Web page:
For film directors and production designers, research trips offer a flood of information about a destination and culture. And for Disney’s Encanto directors Byron Howard and Jared Bush, their two-week trip to Colombia was no different. With Lin-Manuel Miranda, who wrote the Disney flick’s original songs, they traveled from Cartagena on the country’s north coast to the lush valleys and national parks of central Colombia, absorbing as much detail as possible to inject into Disney’s first feature-length animated musical set in Latin America. Those details—and the focus on Colombia’s diversity of nature, music, people, food, and culture—are evident in the film from start to finish, thanks to this trip and the “Colombian Cultural Trust” that Disney assembled of local architects, documentarians, musicians, artists, botanists, and more.
Encanto, which follows the magical Madrigal family living in an equally magical house in a Colombia valley, brings some of the country’s most beautiful locations to animated life, from the soaring wax palms only found in the Cocora Valley to the colorfully painted window sills of towns like Barichara. To hear more about the real destinations that inspired the film’s look—and to find out with where Howard, Bush, and Charise Castro Smith, another director and co-writer on the film who joined the team after the research trip, want to travel on their next trip to Colombia—we sat down with the trio.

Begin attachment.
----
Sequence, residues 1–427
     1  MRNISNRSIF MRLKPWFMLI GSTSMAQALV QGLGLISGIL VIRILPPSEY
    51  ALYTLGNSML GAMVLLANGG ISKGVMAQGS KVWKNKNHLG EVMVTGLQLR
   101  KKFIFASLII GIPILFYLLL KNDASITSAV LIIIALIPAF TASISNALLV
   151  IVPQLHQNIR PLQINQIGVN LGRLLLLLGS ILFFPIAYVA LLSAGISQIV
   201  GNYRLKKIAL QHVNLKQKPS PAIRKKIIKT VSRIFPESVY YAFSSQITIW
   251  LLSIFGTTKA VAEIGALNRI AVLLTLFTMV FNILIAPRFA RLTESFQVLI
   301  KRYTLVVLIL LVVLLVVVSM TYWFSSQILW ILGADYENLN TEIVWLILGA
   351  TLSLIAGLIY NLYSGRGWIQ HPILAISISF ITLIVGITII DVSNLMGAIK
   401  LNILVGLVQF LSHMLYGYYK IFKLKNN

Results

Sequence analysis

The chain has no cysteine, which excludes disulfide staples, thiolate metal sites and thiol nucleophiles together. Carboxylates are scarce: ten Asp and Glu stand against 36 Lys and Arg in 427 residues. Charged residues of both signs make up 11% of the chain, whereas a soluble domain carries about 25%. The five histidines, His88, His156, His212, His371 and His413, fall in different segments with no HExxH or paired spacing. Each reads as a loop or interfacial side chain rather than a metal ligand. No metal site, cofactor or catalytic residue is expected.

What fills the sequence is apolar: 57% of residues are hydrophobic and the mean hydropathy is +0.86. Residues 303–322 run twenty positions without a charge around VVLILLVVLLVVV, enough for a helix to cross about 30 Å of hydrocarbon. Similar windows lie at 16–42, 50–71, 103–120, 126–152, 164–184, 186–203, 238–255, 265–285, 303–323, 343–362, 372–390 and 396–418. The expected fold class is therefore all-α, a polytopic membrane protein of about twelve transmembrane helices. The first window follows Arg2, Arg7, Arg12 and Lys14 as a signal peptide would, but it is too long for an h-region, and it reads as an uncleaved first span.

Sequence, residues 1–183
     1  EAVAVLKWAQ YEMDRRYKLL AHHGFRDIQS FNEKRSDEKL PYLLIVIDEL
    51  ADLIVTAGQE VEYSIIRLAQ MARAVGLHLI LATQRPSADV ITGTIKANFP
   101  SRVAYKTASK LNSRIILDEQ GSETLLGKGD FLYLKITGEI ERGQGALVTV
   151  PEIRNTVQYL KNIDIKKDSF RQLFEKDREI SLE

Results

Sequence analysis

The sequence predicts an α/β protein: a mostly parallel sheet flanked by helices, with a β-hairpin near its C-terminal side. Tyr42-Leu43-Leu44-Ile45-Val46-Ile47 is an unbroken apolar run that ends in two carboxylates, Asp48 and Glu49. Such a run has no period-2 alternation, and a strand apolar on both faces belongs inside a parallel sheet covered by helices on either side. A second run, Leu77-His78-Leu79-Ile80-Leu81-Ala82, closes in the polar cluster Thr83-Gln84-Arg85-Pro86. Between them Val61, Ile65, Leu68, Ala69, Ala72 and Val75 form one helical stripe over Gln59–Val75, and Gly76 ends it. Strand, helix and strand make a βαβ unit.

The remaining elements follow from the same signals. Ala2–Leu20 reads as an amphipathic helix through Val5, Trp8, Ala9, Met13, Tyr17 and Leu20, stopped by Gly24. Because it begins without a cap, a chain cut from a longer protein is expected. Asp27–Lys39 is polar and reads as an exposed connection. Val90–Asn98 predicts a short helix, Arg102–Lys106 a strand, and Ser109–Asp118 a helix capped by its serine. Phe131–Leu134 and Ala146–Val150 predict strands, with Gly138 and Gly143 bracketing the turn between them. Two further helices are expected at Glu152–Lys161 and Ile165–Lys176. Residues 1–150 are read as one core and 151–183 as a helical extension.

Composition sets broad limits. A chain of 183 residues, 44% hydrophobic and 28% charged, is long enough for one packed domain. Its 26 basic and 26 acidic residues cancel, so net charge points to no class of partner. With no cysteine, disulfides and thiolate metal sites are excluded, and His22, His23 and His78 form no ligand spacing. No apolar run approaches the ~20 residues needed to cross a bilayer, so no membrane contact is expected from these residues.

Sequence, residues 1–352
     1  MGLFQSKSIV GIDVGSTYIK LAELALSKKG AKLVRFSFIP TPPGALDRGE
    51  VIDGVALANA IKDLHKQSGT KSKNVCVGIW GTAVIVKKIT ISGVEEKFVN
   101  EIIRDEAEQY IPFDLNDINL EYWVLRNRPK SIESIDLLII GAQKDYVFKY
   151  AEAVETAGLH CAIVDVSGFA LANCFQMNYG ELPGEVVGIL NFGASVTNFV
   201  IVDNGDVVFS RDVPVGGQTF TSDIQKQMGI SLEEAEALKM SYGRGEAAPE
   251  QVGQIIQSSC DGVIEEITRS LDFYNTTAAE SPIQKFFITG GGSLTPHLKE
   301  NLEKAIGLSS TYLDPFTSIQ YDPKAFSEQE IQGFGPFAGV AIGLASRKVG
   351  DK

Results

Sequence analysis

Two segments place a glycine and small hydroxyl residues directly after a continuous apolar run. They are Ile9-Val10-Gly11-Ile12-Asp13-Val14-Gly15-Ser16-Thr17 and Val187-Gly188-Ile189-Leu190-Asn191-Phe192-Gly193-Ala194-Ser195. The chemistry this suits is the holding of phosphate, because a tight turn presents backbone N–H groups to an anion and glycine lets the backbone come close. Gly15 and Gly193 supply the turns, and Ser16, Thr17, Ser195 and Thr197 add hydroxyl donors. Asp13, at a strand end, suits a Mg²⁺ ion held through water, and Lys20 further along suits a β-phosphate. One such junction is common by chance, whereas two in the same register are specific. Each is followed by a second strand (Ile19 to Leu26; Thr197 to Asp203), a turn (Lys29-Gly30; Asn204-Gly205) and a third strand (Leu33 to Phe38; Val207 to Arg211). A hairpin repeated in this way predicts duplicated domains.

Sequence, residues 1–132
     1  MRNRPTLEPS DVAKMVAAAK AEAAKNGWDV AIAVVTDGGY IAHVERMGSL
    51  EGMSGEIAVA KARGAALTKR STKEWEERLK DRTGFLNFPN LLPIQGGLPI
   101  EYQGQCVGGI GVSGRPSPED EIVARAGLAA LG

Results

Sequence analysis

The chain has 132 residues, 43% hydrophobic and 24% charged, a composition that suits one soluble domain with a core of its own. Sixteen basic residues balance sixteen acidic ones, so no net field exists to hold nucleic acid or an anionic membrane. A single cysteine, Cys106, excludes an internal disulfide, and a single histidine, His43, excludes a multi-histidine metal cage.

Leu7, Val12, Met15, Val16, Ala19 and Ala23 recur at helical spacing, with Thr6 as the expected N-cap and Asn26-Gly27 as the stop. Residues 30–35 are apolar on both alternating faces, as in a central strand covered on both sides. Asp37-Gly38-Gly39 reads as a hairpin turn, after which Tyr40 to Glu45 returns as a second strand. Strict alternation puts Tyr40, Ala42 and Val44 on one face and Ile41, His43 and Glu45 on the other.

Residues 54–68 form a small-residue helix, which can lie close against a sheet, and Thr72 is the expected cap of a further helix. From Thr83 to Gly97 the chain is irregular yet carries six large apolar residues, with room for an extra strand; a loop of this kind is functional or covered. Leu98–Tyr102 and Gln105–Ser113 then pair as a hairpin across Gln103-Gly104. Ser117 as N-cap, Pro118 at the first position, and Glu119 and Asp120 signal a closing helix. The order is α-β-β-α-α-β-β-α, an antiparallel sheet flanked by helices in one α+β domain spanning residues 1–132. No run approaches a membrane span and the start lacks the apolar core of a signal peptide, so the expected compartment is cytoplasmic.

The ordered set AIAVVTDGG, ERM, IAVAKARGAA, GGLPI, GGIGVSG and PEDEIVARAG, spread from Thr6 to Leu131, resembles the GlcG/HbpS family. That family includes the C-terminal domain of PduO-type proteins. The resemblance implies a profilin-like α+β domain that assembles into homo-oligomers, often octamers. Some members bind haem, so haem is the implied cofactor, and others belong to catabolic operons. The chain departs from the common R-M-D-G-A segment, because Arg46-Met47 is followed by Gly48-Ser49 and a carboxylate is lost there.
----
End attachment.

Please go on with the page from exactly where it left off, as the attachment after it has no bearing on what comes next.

Disney’s Encanto opens only in theaters November 24.
Tell me a little bit about the research trip you took back in 2018. What were some of the things you saw that impacted the movie’s look?
Byron Howard: We went all over the country. We went to big cities like Bogotá and Cartagena—and parts of the film are heavily inspired by this place called Salento next to the Cocora Valley. If you look at where the Madrigals’ house is set, it’s heavily inspired by the rolling terrain of that valley. There are wax palm trees there that are 200 feet tall, which exist nowhere else in the world. And the moment Jared and I stepped into that valley, it looked art-directed, it looked like someone had painted it. It was so unreal.
Jared Bush: We went to really tiny towns, too, like Barichara. It’s like a town lost in time, which is really what we wanted to do with our film, to have it feel timeless and inviting to others. [Barichara is] a place where it probably looks the same today as it did 100 years ago and it feels like you’re transported to a different era. A lot of our story and the way things look in our town are based on that.
We also went to an amazing town called [San Basilio de] Palenque, which is a couple hours outside of Cartagena. It was the first free town in the Americas and it feels like a village literally taken out of Africa. We knew that we were going to have many characters who were Afro-Colombian and there’s something very special there between the people that we met, the music, and the dance that we saw. A lot of that’s reflected in the movie as well. That’s a very, very special, unique place that I highly recommend.